Esteban Maldonado
Esteban Maldonado's blog

Esteban Maldonado's blog

Multiplayer Experiment: Tit-tac-toe - Pt. 2

Multiplayer Experiment: Tit-tac-toe - Pt. 2

Starting to get somewhere πŸ™‚

Esteban Maldonado's photo
Esteban Maldonado
Β·Nov 24, 2022Β·

7 min read

Featured on Hashnode

Table of contents

Context

In my last article, I mentioned that I wanted to practice more multiplayer development, so I'd like to make an online Tic-tac-toe game, hopefully with exaggerated amount of particles and VFX. I'm having fun with this experiment!

I've just started though, so here's how it currently looks when running the game: Unity_o3g0RH6WeX.gif

I've only setup a basic scene, and the ability to highlight a game spot when you hover the mouse over it.

So let's continue the development journey of this experiment, and see what we can make happen. Since I've managed to highlight the open game spots in the game, I'd like to add the functionality of selecting an open spot and claiming it.

First Prefab

I created a new folder under the pre-made Assets folder called Prefabs. Then I dragged one of the OpenSpot GOs from the Scene Hierarchy into the Prefabs folder to create my 1st prefab:

image

Now looking into the prefab, we have a way to mark which open spot we're highlighting with the mouse, but we don't have a way to mark an open spot. Let's add a new script called GameSpotBehavior to handle that:

Adding some gameplay logic

I wanted to go ahead and add some code, but I felt like I needed to stop for a minute and think about the current problem.

Separating responsibilities

Let's pause for a bit and think about the flow of what needs to happen in order for a player to claim an open spot in the game board during their turn. Here's a quick diagram I made to help me think. It might not be the best or final way I build this process, but it's a working algorithm:

image.png

Also, shout out to the miro team for creating such an awesome tool! πŸŽ‰

In this diagram, we can see that there are 3 main action steps:

  • Searching for a game spot
  • Highlighting a game spot
  • Claiming a game spot

Small code cleanup

If you remember from the last article, the OpenSpotSearcher C# class handles searching for an open game spot, and highlighting the spot when the mouse hovers over it. We can, (and should), separate these two actions into two separate classes, so let's do that.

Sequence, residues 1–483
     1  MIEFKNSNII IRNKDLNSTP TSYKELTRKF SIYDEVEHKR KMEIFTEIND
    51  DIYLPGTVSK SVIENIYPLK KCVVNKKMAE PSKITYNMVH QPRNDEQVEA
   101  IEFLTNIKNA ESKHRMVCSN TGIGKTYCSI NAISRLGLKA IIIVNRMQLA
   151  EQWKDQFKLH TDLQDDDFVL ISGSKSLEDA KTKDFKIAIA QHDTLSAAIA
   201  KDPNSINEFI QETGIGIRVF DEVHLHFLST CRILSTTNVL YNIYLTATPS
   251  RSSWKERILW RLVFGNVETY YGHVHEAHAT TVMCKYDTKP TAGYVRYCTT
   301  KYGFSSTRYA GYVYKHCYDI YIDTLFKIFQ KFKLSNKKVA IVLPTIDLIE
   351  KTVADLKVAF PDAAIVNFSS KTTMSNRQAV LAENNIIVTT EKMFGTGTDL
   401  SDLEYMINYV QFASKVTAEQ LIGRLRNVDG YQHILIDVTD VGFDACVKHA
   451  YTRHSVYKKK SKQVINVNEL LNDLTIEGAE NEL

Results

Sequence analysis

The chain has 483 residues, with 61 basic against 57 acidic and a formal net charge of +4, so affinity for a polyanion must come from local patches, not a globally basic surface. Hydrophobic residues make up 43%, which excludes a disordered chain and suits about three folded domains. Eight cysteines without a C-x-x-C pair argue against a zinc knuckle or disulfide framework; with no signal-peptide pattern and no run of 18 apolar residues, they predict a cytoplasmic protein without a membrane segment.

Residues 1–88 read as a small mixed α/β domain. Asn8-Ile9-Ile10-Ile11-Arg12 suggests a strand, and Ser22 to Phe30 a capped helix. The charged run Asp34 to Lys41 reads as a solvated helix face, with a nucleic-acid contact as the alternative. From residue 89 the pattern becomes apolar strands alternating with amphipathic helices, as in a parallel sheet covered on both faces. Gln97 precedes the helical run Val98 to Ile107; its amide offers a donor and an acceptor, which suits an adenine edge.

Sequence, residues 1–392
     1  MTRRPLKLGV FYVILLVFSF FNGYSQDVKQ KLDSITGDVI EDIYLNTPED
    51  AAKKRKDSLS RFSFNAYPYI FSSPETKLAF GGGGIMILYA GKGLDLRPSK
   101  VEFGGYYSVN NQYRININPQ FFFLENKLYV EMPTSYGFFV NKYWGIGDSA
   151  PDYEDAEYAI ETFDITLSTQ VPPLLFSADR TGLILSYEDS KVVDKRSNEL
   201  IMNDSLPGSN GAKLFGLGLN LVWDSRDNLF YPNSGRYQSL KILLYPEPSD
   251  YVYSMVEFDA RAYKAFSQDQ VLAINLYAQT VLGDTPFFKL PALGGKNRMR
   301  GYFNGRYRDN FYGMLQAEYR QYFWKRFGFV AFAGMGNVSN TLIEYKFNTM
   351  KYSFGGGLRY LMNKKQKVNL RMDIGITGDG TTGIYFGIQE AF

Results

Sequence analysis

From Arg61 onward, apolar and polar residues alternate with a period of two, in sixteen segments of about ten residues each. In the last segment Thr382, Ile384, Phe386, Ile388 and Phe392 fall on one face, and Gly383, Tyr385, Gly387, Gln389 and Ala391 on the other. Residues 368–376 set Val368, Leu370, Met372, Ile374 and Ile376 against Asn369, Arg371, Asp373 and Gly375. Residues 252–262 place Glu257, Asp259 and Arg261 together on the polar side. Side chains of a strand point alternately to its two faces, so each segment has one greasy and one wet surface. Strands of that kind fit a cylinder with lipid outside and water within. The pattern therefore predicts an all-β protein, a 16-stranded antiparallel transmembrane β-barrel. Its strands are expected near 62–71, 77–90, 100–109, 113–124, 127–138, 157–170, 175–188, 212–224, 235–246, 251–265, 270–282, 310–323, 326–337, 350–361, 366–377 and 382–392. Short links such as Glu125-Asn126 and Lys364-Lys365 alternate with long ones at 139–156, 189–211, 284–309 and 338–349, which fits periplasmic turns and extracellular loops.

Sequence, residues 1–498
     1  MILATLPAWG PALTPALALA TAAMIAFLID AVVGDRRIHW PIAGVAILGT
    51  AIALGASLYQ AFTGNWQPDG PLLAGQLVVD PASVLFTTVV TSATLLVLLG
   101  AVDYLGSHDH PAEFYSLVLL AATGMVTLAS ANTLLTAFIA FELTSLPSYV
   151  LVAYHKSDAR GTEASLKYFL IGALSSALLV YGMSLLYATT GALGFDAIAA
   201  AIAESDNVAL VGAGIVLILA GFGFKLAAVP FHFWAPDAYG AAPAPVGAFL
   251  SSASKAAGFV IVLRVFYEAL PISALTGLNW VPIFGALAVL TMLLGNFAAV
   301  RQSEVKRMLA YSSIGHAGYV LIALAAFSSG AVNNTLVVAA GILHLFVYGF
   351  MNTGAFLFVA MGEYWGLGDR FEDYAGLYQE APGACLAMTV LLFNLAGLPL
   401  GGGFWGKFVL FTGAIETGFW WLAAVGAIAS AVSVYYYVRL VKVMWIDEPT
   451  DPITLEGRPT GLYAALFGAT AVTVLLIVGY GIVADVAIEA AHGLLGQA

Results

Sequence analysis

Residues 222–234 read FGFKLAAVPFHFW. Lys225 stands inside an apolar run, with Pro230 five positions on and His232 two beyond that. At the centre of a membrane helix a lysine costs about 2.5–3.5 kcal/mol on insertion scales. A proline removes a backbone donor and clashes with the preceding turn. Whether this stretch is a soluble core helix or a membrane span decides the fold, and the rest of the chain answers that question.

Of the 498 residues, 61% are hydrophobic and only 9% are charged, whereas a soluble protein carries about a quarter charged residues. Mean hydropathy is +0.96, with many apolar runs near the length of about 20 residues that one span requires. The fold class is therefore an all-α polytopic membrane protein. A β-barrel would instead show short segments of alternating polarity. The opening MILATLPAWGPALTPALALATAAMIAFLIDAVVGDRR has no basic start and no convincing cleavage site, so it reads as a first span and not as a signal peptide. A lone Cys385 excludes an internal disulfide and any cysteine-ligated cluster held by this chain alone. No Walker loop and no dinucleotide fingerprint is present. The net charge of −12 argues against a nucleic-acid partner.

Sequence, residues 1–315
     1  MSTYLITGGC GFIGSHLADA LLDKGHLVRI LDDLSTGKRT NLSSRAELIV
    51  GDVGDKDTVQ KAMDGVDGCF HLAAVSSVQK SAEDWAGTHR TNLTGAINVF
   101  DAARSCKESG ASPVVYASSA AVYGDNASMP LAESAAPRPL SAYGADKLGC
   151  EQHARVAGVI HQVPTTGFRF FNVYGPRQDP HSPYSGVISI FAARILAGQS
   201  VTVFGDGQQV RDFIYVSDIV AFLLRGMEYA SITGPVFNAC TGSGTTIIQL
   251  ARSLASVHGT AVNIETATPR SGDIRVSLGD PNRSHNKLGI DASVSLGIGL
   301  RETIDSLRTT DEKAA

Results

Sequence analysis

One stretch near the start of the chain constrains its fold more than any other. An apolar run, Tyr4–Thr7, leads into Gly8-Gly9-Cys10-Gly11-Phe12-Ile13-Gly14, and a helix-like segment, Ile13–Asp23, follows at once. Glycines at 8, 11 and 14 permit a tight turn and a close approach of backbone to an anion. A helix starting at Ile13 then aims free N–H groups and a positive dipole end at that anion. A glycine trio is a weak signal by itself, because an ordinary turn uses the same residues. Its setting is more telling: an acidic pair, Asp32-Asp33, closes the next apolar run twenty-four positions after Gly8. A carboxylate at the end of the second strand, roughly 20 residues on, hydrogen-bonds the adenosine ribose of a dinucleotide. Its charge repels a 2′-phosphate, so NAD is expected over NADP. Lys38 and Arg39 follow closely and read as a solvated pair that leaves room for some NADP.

Let's create a new file called GameSpotRaycastSearcher:

using UnityEngine;

static class GameSpotRaycastSearcher
{
    static private readonly float k_maxRayCastDistance = 500f;
    static private readonly int k_rayCastLayerMask = 1 << 3;

    static public bool SearchForGameSpotsUsingCamera(
        Camera sceneCamera,
        out RaycastHit raycastHit)
    {
        Ray rayFromMousePosition = sceneCamera.ScreenPointToRay(Input.mousePosition);

        return Physics.Raycast(
            rayFromMousePosition,
            out raycastHit,
            k_maxRayCastDistance,
            k_rayCastLayerMask);
    }
}

By structuring our code like this, we can now raycast into the scene looking for GameObjects that are part of the OpenSpot layer whenever we need. Note, I include the word Raycast into the class name because I'm using that UnityEngine specific feature.

Now, let's add code to our GameSpotBehavior script file that we added to the prefab earlier:

using UnityEngine;

public class GameSpotBehavior : MonoBehaviour
{
    public bool isSpotClaimed { get; private set; } = false;

    private Color m_currentOpenSpotFoundColor = new Color();

    [SerializeField]
    private MeshRenderer m_meshRenderer;

    public void HighlightOpenGameSpot()
    {
        m_currentOpenSpotFoundColor = m_meshRenderer.material.color;

        m_meshRenderer.material.color = Color.blue;
    }

    public void ResetGameSpotToOriginalLook()
    {
        Debug.Log("reverting to color..." + m_currentOpenSpotFoundColor);

        m_meshRenderer.material.color = m_currentOpenSpotFoundColor;
    }

    public void ChangeToClaimedSpot()
    {
        Debug.Log("Spot claimed!");

        isSpotClaimed = true;

        // TODO:
        // if X turn
            //ChangeVisualStyleToClaimedAs_X
        // else //O turn
            //ChangeVisualStyleToClaimedAs_O
    }

    private void ChangeVisualStyleToClaimedAs_X()
    {
        // TODO
    }

    private void ChangeVisualStyleToClaimedAs_O()
    {
        // TODO
    }
}

This class will now hold the logic of the game spot behavior, mainly when claiming the open spot. This means for an object to be highlighted when the mouse cursor hovers over it, and changing it to claimed as either X or O.

Also, please note that the reference I use of the object's MeshRenderer component is now serialized:

    [SerializeField]
    private MeshRenderer m_meshRenderer;

So I set this reference in the prefab editor itself: image.png

Now I don't have to use the Start method, or make an unnecessary call to gameObject.GetComponent<MeshRenderer>();

And last but not least, let's update our OpenSpotSearcher script. It will now use the GameSpotRaycastSearcher class for searching in the game world, and it will communicate with the object's GameSpotBehavior component, to signal when to change claim the spot, and change its visual style. It will not define or care about what those two actions mean:

using UnityEngine;

public class OpenSpotSearcher : MonoBehaviour
{
    public Camera sceneCamera;

    private GameSpotBehavior m_currentGameSpotBehaviorFound = null;

    private void FixedUpdate()
    {
        if (GameSpotRaycastSearcher.SearchForGameSpotsUsingCamera(